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Posted by: Raymond McDougall on 11.26.2013 | Filed under: Beginners | Comments (0)

 

If you want to build a collection of minerals and truly enjoy minerals, you need the confidence to be able to identify different minerals. You will start to learn more about where different minerals come from. If you become a dedicated collector and read a lot, you may even become knowledgeable enough to be able to look at some mineral specimens and say approximately when the specimen was collected. Eventually you may even become someone who can sometimes look at a mineral specimen and even name the pocket it came from – yes, it happens to those of us who truly love minerals.

But we all start at exactly the same place, where we don’t have much knowledge at all and we decide we want to really learn about minerals. If you haven’t already read it, see Seven Easy Things You Can Do to Start Mineral Collecting, and if you have already read it, you’ll note that several of the steps there involve interaction with minerals themselves, and learning about those minerals.

The single most fundamental skill you require, if you want to challenge yourself to become a mineral collector, is the skill to identify minerals. There are basic identification skills we all learn – they are simple and become second nature. You will eventually know so many of the minerals visually that you won’t have to test almost any of them, but in the beginning, there is nothing better than starting with the basics, and working through them with some test minerals, so you get a feel for it.

Any good book, such as a field guide or a text, which includes a discussion of the fundamentals of minerals or mineral collecting will do an excellent job of explaining specifically how to identify minerals. I list a few at the end of this post. And my suggestion is don’t just read them – read with minerals at your side. This works best with things that are rough, not pretty, and not perfect – often, something you collected yourself. Conduct the standard tests the books describe.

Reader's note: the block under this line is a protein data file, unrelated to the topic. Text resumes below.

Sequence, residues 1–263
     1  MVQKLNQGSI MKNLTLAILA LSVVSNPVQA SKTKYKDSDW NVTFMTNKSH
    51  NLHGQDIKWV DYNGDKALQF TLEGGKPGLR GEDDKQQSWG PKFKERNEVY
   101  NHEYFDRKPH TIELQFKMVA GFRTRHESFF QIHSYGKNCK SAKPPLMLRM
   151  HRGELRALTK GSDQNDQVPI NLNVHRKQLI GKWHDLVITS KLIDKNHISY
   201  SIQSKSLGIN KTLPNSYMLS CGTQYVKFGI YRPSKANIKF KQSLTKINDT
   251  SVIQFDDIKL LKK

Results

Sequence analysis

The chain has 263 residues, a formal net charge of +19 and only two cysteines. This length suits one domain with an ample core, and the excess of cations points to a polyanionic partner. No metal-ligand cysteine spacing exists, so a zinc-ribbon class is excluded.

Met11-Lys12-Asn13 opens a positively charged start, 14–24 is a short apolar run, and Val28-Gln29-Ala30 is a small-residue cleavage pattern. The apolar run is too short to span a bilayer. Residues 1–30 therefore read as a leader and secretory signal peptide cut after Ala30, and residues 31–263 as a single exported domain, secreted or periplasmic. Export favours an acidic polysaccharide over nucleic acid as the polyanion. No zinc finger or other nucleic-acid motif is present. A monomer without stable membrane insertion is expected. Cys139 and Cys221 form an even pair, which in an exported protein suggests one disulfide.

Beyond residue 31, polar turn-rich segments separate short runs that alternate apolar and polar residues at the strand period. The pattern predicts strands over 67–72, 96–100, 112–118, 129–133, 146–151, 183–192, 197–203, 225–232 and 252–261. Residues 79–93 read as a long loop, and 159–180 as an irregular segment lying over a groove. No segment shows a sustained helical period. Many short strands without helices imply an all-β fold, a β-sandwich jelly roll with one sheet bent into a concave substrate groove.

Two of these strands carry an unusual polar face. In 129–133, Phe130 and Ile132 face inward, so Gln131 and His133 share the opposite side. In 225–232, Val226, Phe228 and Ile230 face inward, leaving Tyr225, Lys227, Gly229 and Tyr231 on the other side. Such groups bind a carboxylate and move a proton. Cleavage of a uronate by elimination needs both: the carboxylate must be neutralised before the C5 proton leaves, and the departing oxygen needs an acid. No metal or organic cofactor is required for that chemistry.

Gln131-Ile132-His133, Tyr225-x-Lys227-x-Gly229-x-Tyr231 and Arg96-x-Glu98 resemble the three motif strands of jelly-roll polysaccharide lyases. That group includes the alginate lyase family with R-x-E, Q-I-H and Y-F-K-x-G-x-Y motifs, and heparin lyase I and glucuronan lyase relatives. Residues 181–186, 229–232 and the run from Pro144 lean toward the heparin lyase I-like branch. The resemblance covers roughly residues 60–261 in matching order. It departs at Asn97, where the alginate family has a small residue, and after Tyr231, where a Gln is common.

Test out scrap pieces. Do hardness tests on parts you don’t mind scratching. Make sure you can see and distinguish the cleavage of the minerals, colour, lustre and degree of transparency/translucency/opacity. Specific gravity is another test that can really help with identification. My friend (and well known long-time mineral dealer) John Betts has posted a great article on specific gravity testing on his website – if you’re going to test SG, read this first! Streak colour can help with certain minerals. If you have crystal faces on your test specimen so that you can identify the crystal shape, that will be extremely helpful (don’t be fooled though – perfect cleavage shapes can sometimes look like crystal faces and shapes).

Once you have an idea of the test results, look at any decent identification key (also sometimes called “determinative tables”) – these can be found in field guides, texts and online. One good online example is here, and looking on a search engine will lead you to more fine ones.  So, for example, if you have conducted your tests using the book, and you have determined that you have a specimen of a mineral that is non-metallic, cream coloured, translucent, with vitreous lustre, perfect cleavage in the form of a rhombohedron, and a hardness of 3, you can line all those properties up in an identification key and land at calcite, or maybe a similar mineral (more specific information may help to distinguish – the devil can be in the details).